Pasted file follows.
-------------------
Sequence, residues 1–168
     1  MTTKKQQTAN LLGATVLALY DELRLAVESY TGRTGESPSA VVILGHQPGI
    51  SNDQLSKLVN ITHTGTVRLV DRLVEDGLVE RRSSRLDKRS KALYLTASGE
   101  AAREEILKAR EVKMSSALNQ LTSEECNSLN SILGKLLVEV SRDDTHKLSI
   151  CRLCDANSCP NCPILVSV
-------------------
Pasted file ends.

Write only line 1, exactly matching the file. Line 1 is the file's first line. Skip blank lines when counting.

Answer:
Sequence, residues 1–168